Decoding Your Dog's Behavior
Is Fido happy, scared, or lonely? Two dog experts divulge the clues to reading canine behavior.
Unless your dog is Lassie, you probably can’t always tell what your beloved pup is thinking. Stanley Coren, Ph.D. (stanleycoren.com), whose books include How Dogs Think ($16, amazon.com), The Intelligence of Dogs ($20, amazon.com), and How to Speak Dog ($15, amazon.com), and Jonathan Klein, founder of the “I Said Sit!” School for Dogs, in Los Angeles, offer their expert opinions on interpreting a dog’s expressions and behaviors.
Ever looked at your dog and thought, She's grinning at me? It turns out she is. Like humans, a dog “smiles” when it’s content.
The muscles in the body are relaxed, which you’ll notice most by observing the face: Instead of clenching its teeth together,
the dog lets its mouth hang open. The tongue is relaxed and hangs loosely, so that it’s visible over the front of its teeth.
The eyes are soft and the ears are straight. Bottom line: When you see your dog smile, she’s content, and you should be, too.
Growling With More Teeth Visible Than Gums
When a dog growls, he’s letting you know that he’s uncomfortable. He’s either scared or trying to show dominance. Look at
his mouth to determine which is the case. If it’s open in a C shape—displaying lots of teeth and little gums—he’s essentially showing his weapons. The dog is sending a clear message:
“I’m the boss around here. Back off, give me space,” says Coren. You can defuse the situation by doing just that: Give him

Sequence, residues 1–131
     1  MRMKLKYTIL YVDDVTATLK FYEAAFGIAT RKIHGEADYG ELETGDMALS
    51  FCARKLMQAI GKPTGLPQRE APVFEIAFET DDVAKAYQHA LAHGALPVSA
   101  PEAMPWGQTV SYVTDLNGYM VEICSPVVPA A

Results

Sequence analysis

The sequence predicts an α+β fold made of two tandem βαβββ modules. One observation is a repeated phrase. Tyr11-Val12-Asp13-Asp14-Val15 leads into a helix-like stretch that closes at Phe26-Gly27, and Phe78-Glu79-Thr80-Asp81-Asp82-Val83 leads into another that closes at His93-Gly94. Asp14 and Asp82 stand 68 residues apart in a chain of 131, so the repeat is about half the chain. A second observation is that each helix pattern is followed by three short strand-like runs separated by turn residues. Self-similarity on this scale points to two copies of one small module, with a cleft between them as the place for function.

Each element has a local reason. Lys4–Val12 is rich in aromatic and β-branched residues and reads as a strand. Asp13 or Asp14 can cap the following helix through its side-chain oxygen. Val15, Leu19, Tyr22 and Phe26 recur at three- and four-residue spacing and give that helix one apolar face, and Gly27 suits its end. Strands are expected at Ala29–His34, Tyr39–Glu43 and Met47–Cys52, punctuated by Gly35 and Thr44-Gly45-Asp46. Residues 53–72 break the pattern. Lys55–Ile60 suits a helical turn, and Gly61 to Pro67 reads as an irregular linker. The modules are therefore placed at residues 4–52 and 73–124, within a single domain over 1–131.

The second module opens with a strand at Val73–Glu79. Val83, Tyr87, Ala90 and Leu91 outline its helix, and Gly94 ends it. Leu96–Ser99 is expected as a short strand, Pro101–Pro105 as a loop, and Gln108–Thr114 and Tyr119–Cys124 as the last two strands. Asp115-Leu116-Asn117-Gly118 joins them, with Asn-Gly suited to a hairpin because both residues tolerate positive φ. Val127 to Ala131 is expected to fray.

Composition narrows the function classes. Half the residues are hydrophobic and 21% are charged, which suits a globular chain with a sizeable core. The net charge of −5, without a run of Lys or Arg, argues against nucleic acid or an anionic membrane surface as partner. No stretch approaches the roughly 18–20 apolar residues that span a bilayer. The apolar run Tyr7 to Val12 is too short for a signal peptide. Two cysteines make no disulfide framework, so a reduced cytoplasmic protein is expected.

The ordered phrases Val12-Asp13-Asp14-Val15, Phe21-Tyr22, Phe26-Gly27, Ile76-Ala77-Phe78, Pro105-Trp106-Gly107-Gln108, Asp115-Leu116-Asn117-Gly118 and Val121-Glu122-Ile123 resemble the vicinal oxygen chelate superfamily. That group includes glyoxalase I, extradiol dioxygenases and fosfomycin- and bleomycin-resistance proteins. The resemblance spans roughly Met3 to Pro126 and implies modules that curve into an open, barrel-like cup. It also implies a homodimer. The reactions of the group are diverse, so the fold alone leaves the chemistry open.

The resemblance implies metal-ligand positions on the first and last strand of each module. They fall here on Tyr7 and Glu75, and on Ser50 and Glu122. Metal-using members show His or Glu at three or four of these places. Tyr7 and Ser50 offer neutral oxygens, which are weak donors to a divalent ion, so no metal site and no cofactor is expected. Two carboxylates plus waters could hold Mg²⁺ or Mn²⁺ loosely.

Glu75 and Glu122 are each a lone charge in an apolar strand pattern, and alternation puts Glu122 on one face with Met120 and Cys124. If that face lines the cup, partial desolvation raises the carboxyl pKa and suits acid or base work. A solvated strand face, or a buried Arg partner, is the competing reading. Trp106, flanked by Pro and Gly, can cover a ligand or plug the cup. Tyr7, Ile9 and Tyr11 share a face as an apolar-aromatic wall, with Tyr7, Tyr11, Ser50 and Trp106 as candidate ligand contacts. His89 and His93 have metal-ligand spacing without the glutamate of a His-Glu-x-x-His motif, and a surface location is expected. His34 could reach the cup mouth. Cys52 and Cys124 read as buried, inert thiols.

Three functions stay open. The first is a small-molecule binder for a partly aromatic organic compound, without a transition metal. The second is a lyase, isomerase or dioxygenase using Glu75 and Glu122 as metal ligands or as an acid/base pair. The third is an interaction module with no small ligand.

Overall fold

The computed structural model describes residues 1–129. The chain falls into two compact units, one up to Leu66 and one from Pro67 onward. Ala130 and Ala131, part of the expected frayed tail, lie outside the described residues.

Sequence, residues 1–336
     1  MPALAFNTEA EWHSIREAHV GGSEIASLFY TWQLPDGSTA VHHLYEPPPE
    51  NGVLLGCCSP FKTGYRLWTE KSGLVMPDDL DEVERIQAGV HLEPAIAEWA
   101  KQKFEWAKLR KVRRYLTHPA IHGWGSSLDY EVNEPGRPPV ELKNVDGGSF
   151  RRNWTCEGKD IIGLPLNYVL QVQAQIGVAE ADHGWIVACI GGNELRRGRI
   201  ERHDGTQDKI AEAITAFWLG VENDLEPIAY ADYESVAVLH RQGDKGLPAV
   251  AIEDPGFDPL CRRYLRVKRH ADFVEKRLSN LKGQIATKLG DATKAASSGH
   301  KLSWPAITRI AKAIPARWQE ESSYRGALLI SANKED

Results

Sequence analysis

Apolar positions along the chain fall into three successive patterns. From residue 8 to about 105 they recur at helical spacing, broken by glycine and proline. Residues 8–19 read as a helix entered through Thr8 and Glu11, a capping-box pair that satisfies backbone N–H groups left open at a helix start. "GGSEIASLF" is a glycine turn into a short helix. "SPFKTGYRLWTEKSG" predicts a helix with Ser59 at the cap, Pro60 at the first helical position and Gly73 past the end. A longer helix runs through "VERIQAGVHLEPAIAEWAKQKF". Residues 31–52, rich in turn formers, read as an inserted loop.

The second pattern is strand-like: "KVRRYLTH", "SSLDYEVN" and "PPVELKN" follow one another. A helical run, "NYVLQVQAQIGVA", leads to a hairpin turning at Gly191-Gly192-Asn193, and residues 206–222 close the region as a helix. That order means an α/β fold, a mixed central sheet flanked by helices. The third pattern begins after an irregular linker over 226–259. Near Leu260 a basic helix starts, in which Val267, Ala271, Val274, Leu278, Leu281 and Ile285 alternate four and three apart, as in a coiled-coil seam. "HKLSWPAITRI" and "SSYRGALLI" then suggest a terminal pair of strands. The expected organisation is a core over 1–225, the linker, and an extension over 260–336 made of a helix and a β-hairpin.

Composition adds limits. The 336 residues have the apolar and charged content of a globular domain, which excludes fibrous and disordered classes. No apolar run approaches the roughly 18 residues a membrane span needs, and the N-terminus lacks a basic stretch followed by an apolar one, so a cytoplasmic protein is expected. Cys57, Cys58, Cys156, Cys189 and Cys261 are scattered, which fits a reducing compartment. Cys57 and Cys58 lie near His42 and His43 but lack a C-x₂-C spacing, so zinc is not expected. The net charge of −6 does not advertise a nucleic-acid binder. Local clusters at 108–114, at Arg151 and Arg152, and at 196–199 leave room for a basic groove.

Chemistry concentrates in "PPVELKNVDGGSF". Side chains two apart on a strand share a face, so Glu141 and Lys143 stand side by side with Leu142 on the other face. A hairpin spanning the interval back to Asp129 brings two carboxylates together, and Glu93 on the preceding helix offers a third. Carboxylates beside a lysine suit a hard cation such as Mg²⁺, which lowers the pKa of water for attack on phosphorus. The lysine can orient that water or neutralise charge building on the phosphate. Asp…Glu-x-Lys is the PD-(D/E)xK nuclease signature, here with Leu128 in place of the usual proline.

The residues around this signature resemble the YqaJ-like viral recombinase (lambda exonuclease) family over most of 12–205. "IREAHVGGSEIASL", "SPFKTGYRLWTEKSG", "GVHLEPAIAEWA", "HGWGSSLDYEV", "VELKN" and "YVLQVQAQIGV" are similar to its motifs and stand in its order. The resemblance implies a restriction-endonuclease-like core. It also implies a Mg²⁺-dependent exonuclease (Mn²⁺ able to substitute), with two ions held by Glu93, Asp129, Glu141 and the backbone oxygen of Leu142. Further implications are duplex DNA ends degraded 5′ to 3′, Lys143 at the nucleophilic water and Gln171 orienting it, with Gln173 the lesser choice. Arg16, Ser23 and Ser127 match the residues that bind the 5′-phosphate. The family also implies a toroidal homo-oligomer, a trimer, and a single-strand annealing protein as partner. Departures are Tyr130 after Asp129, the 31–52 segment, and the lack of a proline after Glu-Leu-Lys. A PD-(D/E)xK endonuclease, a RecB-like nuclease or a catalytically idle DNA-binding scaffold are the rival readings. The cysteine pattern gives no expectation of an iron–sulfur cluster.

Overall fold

room by backing away slowly.
Growling With a Lot of Visible Gums
If a growling dog's mouth has an elongated shape with a good deal of the gums visible (it looks as if you “took the corners
of the mouth and pulled back,” says Coren), your dog is probably frightened and prepared to defend himself. His ears may also
be flattened. A growling, fearful dog is often more dangerous than a dog showing dominance, because his survival instinct
is to lash out. While backing away from a scared dog is your best option, it may indicate weakness to the dog. If he charges,
stand still, keep your arms folded and make no eye contact (stare up at the sky, for example). Under no circumstances should
you turn your back on the dog.
In general, someone who wants to tell the world, “I'm in charge!” will try to make himself as big as possible. The same holds
true for dogs. A dog with a taste for power will stand “very tall with legs quite straight” and its body will be tensed to
allow for maximum height, says Coren. The dog may also raise its tail over its body like a flag to make certain that no one
fails to notice him.
On Its Back
If a dominant animal goes high, it makes sense that a frightened one goes low. A scared dog will lower its body and drop its
tail. If it’s extremely anxious, it will roll onto its back, displaying its belly and throat. A dog who adopts this pose is
essentially announcing, “I’m just a wee puppy, don’t kill me,” says Coren. If your dog is this distressed, make sure you—and
anyone else nearby—slowly back away until she calms down.